Our overall goal is to use genomic approaches to
drive an increased understanding of the network of enzymatic and other
processes involved in the production of seed TAGs, and in particular
how these processes have coevolved to facilitate the synthesis and
accumulation of unusual fatty acids.
Our specific objectives under
this grant are to:
biochemical, molecular-genetic and bioinformatic techniques to
investigate the primary enzymes of fatty acid modification for
each of our model systems. Although some
of these enzymes have already been studied by us and others, it is
clear that we need to do more to understand the potential deficiencies
of these enzymes in a transgenic context particularly as they relate
to protein stability and interaction with other pathway components
in the ER membrane.
and extend genomic resources, through 454 sequencing and other
techniques, to provide comprehensive access to all the gene candidates
that may impact the efficiency with which hydroxy, conjugated,
and cyclopropane fatty acids are mobilized through the possible
reaction paths into TAG.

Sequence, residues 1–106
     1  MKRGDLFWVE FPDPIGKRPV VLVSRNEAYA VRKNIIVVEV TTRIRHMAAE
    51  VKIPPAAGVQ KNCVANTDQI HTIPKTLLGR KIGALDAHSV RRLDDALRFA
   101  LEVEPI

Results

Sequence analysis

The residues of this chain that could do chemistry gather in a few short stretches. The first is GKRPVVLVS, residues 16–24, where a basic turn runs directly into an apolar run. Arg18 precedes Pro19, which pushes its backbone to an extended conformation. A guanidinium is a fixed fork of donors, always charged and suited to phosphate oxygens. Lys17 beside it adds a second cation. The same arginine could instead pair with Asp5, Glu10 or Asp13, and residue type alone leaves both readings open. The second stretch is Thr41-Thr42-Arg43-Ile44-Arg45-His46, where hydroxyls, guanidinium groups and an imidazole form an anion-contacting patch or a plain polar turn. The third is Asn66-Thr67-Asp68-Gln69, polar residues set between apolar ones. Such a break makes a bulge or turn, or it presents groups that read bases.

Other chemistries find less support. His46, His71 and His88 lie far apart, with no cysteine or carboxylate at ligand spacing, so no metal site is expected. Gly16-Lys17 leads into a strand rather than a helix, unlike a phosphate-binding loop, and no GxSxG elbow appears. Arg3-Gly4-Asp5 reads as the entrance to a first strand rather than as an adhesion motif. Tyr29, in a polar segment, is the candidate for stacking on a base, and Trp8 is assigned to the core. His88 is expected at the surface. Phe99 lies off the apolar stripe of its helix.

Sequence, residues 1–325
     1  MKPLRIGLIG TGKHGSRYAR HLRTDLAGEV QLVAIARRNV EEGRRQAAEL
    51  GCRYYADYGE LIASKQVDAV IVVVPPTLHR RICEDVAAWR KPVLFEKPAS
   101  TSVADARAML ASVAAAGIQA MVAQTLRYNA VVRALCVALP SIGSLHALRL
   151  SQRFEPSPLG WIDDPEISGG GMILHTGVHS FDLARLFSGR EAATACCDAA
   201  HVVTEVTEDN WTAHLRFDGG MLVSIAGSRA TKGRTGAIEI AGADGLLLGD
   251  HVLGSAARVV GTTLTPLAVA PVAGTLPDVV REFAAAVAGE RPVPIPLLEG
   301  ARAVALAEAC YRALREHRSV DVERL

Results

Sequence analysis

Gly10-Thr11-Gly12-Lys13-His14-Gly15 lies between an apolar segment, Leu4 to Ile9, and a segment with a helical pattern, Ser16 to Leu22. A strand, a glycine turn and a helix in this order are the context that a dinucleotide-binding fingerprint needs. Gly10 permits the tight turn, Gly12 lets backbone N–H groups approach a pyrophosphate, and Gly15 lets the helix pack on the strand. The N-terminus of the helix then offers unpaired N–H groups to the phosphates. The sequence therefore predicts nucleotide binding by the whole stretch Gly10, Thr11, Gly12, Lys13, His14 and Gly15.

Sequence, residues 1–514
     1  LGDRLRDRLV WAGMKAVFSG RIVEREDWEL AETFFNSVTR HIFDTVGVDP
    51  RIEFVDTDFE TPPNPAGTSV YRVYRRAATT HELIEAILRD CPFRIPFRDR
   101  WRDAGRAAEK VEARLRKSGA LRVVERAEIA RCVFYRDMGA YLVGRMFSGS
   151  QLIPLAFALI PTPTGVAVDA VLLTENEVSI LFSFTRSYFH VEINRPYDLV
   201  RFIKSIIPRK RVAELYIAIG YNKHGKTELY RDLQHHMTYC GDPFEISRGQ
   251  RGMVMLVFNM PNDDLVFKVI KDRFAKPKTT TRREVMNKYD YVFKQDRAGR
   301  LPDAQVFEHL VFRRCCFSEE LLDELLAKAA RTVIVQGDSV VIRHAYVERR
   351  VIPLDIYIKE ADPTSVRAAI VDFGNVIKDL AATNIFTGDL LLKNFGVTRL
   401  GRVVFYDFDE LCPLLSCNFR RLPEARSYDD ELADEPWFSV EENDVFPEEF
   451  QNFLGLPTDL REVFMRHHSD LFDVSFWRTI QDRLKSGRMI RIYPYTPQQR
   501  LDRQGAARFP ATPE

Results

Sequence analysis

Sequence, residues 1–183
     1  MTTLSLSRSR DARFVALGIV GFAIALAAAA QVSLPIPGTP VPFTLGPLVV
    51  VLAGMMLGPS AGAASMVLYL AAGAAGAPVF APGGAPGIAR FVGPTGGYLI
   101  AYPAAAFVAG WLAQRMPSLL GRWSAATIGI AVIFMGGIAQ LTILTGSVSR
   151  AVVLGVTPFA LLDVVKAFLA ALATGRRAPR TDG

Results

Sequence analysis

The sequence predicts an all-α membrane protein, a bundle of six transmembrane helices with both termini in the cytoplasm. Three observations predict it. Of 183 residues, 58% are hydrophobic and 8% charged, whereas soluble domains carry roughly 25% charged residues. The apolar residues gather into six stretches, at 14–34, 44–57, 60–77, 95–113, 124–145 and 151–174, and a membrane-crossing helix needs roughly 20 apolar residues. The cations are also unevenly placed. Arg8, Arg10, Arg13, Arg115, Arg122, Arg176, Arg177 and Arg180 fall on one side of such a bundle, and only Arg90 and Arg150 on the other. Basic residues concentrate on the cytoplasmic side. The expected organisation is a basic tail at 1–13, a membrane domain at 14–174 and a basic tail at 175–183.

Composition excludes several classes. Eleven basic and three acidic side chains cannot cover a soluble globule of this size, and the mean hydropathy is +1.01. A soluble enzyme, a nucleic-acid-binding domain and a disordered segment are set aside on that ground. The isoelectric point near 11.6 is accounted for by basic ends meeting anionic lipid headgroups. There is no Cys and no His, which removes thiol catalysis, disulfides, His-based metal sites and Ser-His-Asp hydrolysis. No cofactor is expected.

evaluate these candidate genes and proteins using coexpression studies, in
vivo labeling experiments, enzyme assays and reverse-genetic
approaches that will specify their individual contributions.
for synergistic effects provided by combining genes in poly-transgenic
lines. The information
obtained will then be integrated with results from proteomics analysis
and experimental tests of protein-protein interaction using split-ubiquitin
assays to model the biosynthetic pathways within the broader cellular
public understanding and excite young students about the potential
of plants to serve as the chemical factories of the future. Train
current and future plant scientists to apply genomics in a focused
way to solve long-standing problems in understanding complex biosynthetic
pathways in plants and to appreciate how these pathways may have
evolved during angiosperm radiation.